Since the end their border war in 2000 Ethiopia and Eritrea have consolidated two of the most perfected tyrannies on the face of the African continent. Most recently Human Rights Watch (HRW) has condemned Ethiopia for killing over 400 & arresting thousands during mostly peaceful protests against a new government plan to expand the city limits of Addis Ababa into Oromia. Just last week a special commission appointed by the United Nations Human Rights Council (UNHRC) accused Eritrea of crimes against humanity and referred members of its government to the International Criminal Court (ICC).
Perhaps no other foreign country is more culpable for the deterioration of these two countries once promising trajectories than the United States (U.S.). Over the past 15 years it has developed a close security partnership with Ethiopia, preferring to pursue its counter-terrorism interests over all other interests in the region, including human rights. At its most grotesque this policy is perhaps most vividly illustrated by President Barack Obama’s incongruous comments during his historic July 2015 trip to Addis Ababa in which he referred to the government of Prime Minister Hailemariam Desalegn as “democratically elected” two months after the ruling party claimed 100% of seats in parliamentary elections widely viewed as illegitimate.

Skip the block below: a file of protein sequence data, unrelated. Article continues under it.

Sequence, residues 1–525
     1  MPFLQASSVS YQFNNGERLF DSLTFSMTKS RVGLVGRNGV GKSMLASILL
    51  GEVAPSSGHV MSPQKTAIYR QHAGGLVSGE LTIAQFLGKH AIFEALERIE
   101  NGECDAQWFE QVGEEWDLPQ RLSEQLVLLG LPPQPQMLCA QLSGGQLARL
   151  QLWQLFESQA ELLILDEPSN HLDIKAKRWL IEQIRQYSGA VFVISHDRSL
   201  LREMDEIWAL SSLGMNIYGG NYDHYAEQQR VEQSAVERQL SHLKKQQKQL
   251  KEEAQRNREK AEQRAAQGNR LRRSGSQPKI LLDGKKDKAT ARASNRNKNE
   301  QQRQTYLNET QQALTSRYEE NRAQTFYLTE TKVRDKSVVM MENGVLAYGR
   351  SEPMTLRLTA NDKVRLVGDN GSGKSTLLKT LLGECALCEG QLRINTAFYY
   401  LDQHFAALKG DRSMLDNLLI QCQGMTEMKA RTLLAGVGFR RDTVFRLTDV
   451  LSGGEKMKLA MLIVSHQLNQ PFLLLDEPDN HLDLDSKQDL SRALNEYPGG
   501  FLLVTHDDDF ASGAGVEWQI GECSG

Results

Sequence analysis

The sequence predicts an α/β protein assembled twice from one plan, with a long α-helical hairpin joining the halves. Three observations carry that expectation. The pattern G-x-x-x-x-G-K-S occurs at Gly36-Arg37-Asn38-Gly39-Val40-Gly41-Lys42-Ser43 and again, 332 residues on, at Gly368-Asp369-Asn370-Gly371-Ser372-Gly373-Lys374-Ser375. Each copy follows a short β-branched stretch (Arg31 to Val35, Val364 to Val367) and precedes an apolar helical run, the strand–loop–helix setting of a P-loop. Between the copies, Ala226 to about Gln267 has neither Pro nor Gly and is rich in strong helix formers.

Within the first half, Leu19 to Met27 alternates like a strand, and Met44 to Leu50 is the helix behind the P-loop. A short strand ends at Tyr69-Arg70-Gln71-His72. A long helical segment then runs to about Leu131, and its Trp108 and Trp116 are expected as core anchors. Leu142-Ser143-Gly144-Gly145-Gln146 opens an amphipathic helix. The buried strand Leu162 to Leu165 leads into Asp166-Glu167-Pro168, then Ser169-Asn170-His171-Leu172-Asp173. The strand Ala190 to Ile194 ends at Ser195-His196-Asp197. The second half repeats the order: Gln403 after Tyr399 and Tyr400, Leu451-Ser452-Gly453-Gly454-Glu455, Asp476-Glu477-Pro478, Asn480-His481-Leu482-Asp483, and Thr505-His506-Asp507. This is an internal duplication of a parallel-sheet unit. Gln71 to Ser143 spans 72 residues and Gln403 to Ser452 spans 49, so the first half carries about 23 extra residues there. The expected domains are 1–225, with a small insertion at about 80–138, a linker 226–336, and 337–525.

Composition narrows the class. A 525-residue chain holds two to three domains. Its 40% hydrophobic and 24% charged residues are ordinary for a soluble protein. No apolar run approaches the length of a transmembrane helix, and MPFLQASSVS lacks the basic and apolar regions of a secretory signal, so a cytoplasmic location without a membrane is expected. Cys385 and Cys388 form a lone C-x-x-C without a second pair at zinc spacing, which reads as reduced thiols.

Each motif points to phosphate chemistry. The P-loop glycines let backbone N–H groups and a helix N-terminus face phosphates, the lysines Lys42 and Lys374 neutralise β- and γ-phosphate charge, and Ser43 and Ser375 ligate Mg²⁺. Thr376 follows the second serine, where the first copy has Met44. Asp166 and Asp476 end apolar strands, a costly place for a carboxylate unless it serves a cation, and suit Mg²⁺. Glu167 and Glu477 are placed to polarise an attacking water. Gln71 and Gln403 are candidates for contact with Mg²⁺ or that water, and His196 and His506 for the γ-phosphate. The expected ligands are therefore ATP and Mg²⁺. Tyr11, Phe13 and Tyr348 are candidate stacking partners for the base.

Not surprisingly, Washington’s unwillingness to condemn Ethiopia’s occupation of Badme & the excesses of the government have empowered the most hardline elements of the ruling Ethiopian People’s Revolutionary Democratic Front (EPRDF) and made a political resolution with Eritrea’s equally repressive People’s Front for Democracy & Justice (PFDJ) extremely difficult. Eritrea has largely contributed to its own isolation by the actions it’s taken against its own people and neighbors but it must be understood that Washington’s partiality towards Ethiopia has also had a perverse influence on the politics of Eritrea itself. President Isaias Afwerki has been able to use U.S. acquiescence of Ethiopia’s continued occupation of Badme as a means to legitimize the complete militarization of society and prolong his rule over the country. It is in this backdrop that clashes have once again erupted along the Eritrean-Ethiopian border, this time in the Eritrean town of Tsorona.
The exact details of the events leading up to the June 12th military confrontation are not known but both sides have traded blame for the attack and Eritrea claims it has killed more than 200 Ethiopian troops and wounded more than 300. What is clear however is that the possibility of an escalation is very real. And in a neighborhood that is already struggling to cope with drought, migration, civil war, anarchy, and terrorism, the potential of Eritrea & Ethiopia returning to war would inaugurate a humanitarian crisis on an enormous scale. Although low, the horrifying prospect of such a conflict erupting requires a more urgent effort on behalf of the international community to engage both parties in a balanced discussion on how to end the standoff & normalize relations.